Data Vault Modeling in Snowflake Using dbt Vault

Data Vault Modeling is a newer method of Data Modeling that tends to reside somewhere between the third normal form and a star schema. Often, building a data vault model can take a lot of work due to the hashing and uniqueness requirements. But thanks to the dbt vault package, we can easily create a data vault model by focusing on metadata. 

In this blog, we’ll cover how to set up dbt vault, how to use it to generate your hashed stage tables, and how to use it to generate the various hub/link/satellite tables.

What is dbt Vault?

dbt vault is a package that you can use to easily build Data Vault models. It allows you to bring in a data source, then focus on using the metadata about that data source to generate the hash keys as well as the hash diffs. It provides built-in functions to help stage your data for a data vault and to create your hub/link/satellite tables.

What is Data Vault modeling and What is dbt?

It is important to be comfortable with both Data Vault modeling and dbt before diving further into this blog. So what do these two things solve? dbt for starters, allows you to focus on providing software engineering principles to the transformation layer of your ETL/ELT process. 

It not only brings version control, but it also allows for CI/CD, modularized code, and wonderful documentation. A Data Vault model on the other hand is a newer architecture that helps you to build a highly business-focused data warehouse. If you aren’t sure about data vault modeling, you should check out our in-depth blog post that covers how to build a modern data platform with data vault.

Additionally, if you are not comfortable with dbt yet, you can also check out our in-depth setup of dbt and the Snowflake Data Cloud.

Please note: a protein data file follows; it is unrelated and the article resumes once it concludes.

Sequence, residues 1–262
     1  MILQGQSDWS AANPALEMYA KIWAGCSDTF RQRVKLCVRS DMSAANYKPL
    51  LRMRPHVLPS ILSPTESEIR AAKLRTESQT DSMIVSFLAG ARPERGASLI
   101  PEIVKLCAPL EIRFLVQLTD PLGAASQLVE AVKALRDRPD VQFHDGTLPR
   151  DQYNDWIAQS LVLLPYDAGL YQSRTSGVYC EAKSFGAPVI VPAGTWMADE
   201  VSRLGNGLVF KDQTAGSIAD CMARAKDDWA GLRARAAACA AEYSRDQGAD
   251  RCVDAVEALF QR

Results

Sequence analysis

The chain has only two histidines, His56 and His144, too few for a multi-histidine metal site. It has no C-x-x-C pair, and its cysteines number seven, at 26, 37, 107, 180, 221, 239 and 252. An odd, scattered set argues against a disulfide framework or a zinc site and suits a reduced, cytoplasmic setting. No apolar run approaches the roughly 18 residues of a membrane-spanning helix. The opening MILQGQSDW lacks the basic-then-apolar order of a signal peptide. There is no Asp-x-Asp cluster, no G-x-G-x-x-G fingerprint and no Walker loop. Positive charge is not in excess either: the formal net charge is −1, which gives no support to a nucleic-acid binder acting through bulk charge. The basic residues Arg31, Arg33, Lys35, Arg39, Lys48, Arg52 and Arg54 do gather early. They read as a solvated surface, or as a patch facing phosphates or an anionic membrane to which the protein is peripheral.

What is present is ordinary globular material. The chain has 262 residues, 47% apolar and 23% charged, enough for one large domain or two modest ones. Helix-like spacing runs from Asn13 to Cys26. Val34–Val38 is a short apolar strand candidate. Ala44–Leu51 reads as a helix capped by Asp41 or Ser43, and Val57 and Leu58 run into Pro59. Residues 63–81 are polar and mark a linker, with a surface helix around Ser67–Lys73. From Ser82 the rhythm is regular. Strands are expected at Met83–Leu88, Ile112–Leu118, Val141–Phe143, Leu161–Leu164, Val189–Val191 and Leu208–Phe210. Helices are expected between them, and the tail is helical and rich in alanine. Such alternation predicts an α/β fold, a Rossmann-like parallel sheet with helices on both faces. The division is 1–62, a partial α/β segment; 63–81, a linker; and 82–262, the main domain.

Installing the dbt Vault Package

Before we can begin using the dbt vault package, we need to set it up as a dependency within our dbt project. To do this, we can create a packages.yml file in the root of our project directory. Within that yml file, we can specify the packages that our project is dependent on, which in our case is the Datavault-UK/dbtvault package as seen below:

A screenshot of a snippet of code

Once we have established the requirement of this package, we need to run dbt deps to bring in our new dependencies.

What Does our Source Data Look Like?

For this blog, we’re using some fake coffee shop data. We have tables of: 

  • Customer information
  • Products 
  • Sales outlets (or stores)
  • Staff we have
  • Sales that we’ve actually made 

All of the above tables have their own unique primary keys, while the sales table links a sale to the employee, customer, store, and product that was sold. Here’s a quick view of the source data:

A screenshot of the source data for the example scenario
An additional screenshot of the source data example

Staging Source Data

So what is the first step of creating a Data Vault Model? We need to begin by staging our raw data sources. To do this, we need to create our unique hash keys and set the columns that we want to act as a hash diff column. 

This can often take a lot of work to perform, but thanks to dbt vault, we can build some simple yml within our model, and then use dbt vault and Jinja to create the staged data. Here’s what that looks like for the staff data:

A screenshot of some code